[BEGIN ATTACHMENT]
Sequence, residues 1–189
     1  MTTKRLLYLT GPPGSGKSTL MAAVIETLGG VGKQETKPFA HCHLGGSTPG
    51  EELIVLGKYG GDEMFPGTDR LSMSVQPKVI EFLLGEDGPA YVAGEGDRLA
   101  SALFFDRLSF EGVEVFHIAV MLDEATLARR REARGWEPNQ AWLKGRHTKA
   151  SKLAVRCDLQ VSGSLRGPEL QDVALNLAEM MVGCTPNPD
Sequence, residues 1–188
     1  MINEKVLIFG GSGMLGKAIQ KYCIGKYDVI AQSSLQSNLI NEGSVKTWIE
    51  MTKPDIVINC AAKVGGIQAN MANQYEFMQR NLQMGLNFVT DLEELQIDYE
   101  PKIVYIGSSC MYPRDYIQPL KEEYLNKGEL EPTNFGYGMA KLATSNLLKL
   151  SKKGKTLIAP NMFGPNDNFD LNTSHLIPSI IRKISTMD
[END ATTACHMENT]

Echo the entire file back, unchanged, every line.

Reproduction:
Sequence, residues 1–189
     1  MTTKRLLYLT GPPGSGKSTL MAAVIETLGG VGKQETKPFA HCHLGGSTPG
    51  EELIVLGKYG GDEMFPGTDR LSMSVQPKVI EFLLGEDGPA YVAGEGDRLA
   101  SALFFDRLSF EGVEVFHIAV MLDEATLARR REARGWEPNQ AWLKGRHTKA
   151  SKLAVRCDLQ VSGSLRGPEL QDVALNLAEM MVGCTPNPD
Sequence, residues 1–188
     1  MINEKVLIFG GSGMLGKAIQ KYCIGKYDVI AQSSLQSNLI NEGSVKTWIE
    51  MTKPDIVINC AAKVGGIQAN MANQYEFMQR NLQMGLNFVT DLEELQIDYE
   101  PKIVYIGSSC MYPRDYIQPL KEEYLNKGEL EPTNFGYGMA KLATSNLLKL
   151  SKKGKTLIAP NMFGPNDNFD LNTSHLIPSI IRKISTMD